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  2. hugs xoxo. Moving merely across the country, it was hardest to say goodbye to the grandparents. The same pains you feel, I do too... but your distance is greater. You (and your elderly) are in my prayers.

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  3. It's hard being anywhere that's not the exact same city as your family when you start thinking about things like this. I guess at the end of the day, you should just make the most of the times when you DO get to see your family. You know?

    Hugs to both you and IC.
    <3

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  4. I'm so sorry to hear about your husband's Grandfather. That's such a difficult thing.

    You have no idea how much I understand this post. Why can't we be in two (or three or four) places at once? I worry all the time that I'll regret this time away from my family. Being a grown up sucks sometimes doesn't it.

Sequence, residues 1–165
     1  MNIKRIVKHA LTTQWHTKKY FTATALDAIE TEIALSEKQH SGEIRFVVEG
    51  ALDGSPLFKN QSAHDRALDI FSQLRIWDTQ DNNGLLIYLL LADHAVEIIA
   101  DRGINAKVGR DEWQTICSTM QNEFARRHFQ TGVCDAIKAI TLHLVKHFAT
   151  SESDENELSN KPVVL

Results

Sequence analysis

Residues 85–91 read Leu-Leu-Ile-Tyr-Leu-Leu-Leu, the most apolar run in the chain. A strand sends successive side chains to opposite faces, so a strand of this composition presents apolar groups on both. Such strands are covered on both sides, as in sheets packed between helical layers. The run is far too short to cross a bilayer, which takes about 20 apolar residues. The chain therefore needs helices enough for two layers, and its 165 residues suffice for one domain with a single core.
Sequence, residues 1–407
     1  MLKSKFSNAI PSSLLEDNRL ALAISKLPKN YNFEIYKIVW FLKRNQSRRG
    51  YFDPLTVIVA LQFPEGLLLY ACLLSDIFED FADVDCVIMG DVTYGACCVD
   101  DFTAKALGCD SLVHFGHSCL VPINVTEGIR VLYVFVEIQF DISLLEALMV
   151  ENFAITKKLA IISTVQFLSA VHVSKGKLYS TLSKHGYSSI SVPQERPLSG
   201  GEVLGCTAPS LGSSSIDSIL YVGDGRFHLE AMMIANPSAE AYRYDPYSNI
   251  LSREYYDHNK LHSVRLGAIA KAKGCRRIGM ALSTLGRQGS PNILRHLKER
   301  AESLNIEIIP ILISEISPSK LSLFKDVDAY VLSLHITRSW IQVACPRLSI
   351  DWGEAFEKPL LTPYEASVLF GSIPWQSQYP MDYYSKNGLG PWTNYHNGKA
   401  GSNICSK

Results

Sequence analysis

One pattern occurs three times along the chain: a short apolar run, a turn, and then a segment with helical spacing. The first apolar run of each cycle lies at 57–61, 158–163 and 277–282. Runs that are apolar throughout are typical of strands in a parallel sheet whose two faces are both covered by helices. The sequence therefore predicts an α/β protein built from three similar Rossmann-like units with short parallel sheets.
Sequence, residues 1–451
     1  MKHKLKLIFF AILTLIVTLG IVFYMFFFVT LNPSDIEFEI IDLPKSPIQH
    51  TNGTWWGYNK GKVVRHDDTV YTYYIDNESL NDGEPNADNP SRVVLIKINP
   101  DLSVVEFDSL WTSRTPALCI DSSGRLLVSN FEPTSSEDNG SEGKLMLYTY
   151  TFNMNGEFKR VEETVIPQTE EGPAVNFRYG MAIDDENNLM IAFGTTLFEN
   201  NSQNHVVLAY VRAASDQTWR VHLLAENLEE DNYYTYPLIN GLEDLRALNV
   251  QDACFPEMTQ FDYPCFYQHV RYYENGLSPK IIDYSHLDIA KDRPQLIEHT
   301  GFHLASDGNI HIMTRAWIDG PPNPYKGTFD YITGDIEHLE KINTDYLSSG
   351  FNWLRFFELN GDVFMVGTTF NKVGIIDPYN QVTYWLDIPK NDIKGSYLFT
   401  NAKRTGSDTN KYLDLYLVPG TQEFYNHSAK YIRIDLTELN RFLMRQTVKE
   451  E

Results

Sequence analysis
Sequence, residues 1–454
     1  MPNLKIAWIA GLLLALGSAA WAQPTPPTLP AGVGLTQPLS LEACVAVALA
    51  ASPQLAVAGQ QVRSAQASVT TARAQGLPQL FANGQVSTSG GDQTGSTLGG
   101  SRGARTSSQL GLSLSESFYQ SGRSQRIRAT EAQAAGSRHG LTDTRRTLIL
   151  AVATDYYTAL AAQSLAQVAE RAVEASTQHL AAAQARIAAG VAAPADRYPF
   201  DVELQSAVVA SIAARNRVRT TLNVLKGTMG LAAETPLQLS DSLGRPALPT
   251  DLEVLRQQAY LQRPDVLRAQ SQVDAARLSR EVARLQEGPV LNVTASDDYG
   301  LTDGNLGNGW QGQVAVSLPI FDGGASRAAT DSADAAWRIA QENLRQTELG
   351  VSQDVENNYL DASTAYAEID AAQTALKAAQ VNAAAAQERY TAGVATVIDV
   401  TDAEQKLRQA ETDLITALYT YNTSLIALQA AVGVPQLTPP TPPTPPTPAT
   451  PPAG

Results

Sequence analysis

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  5. This is one of the major reasons I moved home. No lie. But now it's my husband who has to deal with these long distance worries. What if one of his parents get sick? What if his sister has a baby? How do we decide whose family is more important. That is the part of bi-cultural marriages no one really talks about. But you ultimately have to do what is right for you. When the time comes you will deal with that harder part of it. Until then you simply have to count your blessings. :) (Of which you have so many!)

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  6. Really sorry to hear about your husband's grandfather and being away from family is always tough. My mom struggles with it daily but she can't stand being around them for more than a week at a time. :) Go figure!

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  7. I'm pretty sure what you're feeling is totally normal. Everyone questions themselves and it makes sense these feelings came up during a family tragedy. I know I question living a mile from my parents. Am I missing out on a grand adventure by staying close to home? My thoughts and prayers are with IC and his family.